As Scotland works towards achieving net zero carbon emissions by 2045, their woodlands and forestry sector will be playing a key role in their ability to achieve that goal. Scotland’s woodlands and forests have gown in land cover from 5% at the start of the 20th century to 19% today. Edinburgh Napier University’s Center for Offsite Construction and Innovative Structures has led research to determine the viability of using homegrown timber for the production of mass timber products and systems. The center’s work has proven that, with drying and processing, Scottish timber can indeed be used for a variety of higher-value purposes. Following these efforts, a number of Scottish-sourced timber products have been pilot manufactured, tested, and analyzed for use. Along with a consortium of partners, Construction Scotland Innovation Center (CSIC) is trialing homegrown timber in a live environment. The project will manufacture the first Scottish-sourced cross-laminated timber and nail-laminated timber housing unit using the UK’s only vacuum press at CSIC’s innovation factory. The show home will be presented at COP26 United Nations conference on climate change in Glasgow later this year.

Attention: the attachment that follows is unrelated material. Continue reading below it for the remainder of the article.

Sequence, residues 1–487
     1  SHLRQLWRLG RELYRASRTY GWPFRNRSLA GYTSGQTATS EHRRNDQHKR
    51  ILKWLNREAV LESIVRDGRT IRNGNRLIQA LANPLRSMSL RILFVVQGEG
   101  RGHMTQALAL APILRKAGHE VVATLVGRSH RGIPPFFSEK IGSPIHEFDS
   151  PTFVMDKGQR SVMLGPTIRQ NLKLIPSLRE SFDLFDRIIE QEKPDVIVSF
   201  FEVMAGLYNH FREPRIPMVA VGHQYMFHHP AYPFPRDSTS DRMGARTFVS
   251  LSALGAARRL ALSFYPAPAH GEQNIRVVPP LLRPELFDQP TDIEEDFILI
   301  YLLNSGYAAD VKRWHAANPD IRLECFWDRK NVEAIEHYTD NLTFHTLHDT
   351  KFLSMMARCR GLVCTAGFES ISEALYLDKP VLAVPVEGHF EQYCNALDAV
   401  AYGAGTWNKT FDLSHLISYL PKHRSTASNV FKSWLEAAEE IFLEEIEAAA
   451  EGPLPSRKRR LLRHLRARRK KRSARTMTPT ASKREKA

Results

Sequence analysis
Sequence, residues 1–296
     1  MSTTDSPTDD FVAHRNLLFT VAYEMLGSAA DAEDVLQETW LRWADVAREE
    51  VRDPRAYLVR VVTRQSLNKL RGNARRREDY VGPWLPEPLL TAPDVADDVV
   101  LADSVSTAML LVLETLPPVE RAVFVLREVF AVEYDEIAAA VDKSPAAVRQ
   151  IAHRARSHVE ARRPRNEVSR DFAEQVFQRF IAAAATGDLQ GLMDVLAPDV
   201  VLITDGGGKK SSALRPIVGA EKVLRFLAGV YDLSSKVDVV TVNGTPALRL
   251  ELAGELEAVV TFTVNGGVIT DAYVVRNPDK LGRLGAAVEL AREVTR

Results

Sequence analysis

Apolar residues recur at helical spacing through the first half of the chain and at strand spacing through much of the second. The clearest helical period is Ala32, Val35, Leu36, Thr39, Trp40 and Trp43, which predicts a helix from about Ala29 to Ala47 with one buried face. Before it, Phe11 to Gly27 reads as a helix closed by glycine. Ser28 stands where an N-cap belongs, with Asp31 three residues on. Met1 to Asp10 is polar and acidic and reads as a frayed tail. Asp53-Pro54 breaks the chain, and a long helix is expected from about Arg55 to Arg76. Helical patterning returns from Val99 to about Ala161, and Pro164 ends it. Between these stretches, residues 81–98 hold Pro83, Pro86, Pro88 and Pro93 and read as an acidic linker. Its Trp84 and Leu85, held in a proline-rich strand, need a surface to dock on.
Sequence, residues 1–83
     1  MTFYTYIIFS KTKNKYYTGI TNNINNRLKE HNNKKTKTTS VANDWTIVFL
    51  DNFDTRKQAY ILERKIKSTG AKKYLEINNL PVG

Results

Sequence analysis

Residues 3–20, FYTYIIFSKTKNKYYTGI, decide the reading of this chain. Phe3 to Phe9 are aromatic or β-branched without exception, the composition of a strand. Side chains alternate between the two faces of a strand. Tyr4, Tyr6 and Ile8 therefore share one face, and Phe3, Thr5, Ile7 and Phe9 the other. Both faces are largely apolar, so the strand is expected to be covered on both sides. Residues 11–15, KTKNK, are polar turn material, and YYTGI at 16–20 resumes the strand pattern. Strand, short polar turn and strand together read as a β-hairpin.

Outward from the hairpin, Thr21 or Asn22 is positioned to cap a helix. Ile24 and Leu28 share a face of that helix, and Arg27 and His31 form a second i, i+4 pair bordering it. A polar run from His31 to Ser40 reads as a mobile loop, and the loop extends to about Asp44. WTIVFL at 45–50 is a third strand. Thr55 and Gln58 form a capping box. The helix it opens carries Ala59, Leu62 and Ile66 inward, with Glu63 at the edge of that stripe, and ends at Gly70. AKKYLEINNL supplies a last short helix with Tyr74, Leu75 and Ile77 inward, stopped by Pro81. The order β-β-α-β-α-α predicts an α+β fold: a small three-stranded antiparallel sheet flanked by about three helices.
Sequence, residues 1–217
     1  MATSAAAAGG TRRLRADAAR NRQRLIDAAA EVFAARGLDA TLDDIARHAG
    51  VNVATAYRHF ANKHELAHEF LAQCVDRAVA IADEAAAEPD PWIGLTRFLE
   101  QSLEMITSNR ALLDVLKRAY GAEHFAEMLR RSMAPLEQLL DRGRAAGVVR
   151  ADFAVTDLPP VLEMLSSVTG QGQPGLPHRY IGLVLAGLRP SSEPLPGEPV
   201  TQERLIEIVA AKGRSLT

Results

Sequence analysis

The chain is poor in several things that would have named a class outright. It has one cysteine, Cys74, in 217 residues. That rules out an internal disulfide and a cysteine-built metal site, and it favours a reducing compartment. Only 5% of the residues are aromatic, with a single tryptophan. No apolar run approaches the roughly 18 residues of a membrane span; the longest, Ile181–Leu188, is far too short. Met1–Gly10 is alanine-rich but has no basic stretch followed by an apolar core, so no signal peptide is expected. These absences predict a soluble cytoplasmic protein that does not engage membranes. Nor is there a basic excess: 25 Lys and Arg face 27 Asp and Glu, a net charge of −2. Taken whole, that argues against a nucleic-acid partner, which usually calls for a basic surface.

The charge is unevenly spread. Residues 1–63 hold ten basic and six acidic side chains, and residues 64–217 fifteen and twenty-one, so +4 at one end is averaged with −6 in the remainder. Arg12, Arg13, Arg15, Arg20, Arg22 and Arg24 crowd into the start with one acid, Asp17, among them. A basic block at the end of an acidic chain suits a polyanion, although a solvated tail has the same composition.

FEA compiles the Wood Markets News from various 3rd party sources to provide readers with the latest news impacting forest product markets. Opinions or views expressed in these articles do not necessarily represent those of FEA.
Agenda: How timber can help Scotland deliver sustainability